Time flies when you’re dressing up like a clown and rapping about magnets. Twenty years ago today, Insane Clown Posse were embroiled in their first major controversy when their fourth album, The Great Milenko, was pulled from shelves mere hours after its release. Initially released by the Disney-owned Hollywood Records, the record was pulled and the group dropped from the label’s roster after the Southern Baptist Church called for a boycott of Disney due to its “anti-family” products and policies, which also included films with sex and violence and the Ellen DeGeneres sitcom Ellen.
“I think Disney is bowing to pressure from the Southern Baptists,” Alex Abbiss, ICP’s manager, told The Chicago Tribune at the time. “All of a sudden they had a change in taking the moral high ground. They pulled the record. They canceled our 25-city tour.” Disney execs, however, denied that the boycott motivated their decision to pull the record, claiming that its release was an oversight by its review board from the beginning: “When the lyrics of the Insane Clown Posse album were brought to the attention of senior management, the decision was made that they were inappropriate for a product released under any label of our company,” Hollywood Records said in a statement. “Unfortunately, our internal review process did not initially flag the album and allowed it to proceed.”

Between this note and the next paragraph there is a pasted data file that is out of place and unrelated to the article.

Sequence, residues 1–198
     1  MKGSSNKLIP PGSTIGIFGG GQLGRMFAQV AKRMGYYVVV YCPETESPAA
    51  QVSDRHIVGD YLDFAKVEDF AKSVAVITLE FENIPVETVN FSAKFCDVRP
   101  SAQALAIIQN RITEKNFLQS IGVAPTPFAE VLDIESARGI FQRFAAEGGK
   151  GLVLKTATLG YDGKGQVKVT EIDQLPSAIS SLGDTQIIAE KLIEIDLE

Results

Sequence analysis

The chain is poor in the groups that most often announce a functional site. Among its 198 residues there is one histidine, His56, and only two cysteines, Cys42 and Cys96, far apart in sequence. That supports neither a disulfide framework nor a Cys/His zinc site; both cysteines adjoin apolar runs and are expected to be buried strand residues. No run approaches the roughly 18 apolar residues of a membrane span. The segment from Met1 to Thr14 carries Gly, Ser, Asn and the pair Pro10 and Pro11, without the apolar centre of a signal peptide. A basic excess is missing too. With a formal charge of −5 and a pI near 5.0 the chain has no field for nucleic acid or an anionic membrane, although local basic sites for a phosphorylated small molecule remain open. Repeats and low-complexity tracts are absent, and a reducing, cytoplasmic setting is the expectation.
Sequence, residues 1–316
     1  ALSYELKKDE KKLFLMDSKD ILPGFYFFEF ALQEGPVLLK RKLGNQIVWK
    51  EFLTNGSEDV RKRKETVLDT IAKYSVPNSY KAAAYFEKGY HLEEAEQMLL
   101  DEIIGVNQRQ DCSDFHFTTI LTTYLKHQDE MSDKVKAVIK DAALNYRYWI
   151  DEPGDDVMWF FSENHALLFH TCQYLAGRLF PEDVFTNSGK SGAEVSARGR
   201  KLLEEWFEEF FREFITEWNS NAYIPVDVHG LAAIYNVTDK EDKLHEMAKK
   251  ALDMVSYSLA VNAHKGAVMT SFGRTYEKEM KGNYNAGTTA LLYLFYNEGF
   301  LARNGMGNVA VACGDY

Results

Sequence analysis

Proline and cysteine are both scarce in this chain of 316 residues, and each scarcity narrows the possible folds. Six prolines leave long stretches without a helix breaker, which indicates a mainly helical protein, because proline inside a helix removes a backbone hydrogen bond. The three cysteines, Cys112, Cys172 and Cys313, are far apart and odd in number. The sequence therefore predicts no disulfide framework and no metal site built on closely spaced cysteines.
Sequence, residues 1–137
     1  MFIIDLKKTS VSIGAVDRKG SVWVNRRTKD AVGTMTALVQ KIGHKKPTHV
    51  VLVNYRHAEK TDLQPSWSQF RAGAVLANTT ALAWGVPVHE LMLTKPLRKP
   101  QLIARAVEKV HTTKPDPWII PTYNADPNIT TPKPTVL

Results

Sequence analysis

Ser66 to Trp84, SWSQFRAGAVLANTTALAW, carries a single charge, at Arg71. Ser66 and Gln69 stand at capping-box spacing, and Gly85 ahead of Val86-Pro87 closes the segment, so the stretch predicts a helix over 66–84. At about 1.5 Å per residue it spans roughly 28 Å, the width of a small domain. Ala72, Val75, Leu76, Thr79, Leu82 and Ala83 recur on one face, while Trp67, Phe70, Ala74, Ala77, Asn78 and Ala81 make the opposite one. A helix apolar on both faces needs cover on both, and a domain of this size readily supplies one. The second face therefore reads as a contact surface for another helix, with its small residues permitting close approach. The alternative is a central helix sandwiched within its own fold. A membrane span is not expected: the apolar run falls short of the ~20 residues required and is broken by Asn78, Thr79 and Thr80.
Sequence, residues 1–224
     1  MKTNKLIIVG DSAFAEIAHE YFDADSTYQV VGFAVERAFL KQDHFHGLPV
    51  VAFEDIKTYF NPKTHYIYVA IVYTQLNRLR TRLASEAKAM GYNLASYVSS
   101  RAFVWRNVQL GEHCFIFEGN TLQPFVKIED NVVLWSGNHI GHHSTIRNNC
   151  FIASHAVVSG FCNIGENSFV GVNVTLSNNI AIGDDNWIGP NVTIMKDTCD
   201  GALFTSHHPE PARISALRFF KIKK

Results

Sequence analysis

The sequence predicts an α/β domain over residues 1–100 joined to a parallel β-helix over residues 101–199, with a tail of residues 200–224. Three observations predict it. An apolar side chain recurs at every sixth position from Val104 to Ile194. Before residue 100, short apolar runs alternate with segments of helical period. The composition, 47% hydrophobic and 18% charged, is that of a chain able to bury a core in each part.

ICP went on to sign a new contract with Island/PolyGram Records and release the album as intended a couple of months later. A 2011 report by the FBI’s National Gang Intelligence Center classified fans of Insane Clown Posse, aka juggalos, as a “loosely organized hybrid gang.”
This article originally appeared on Stereogum.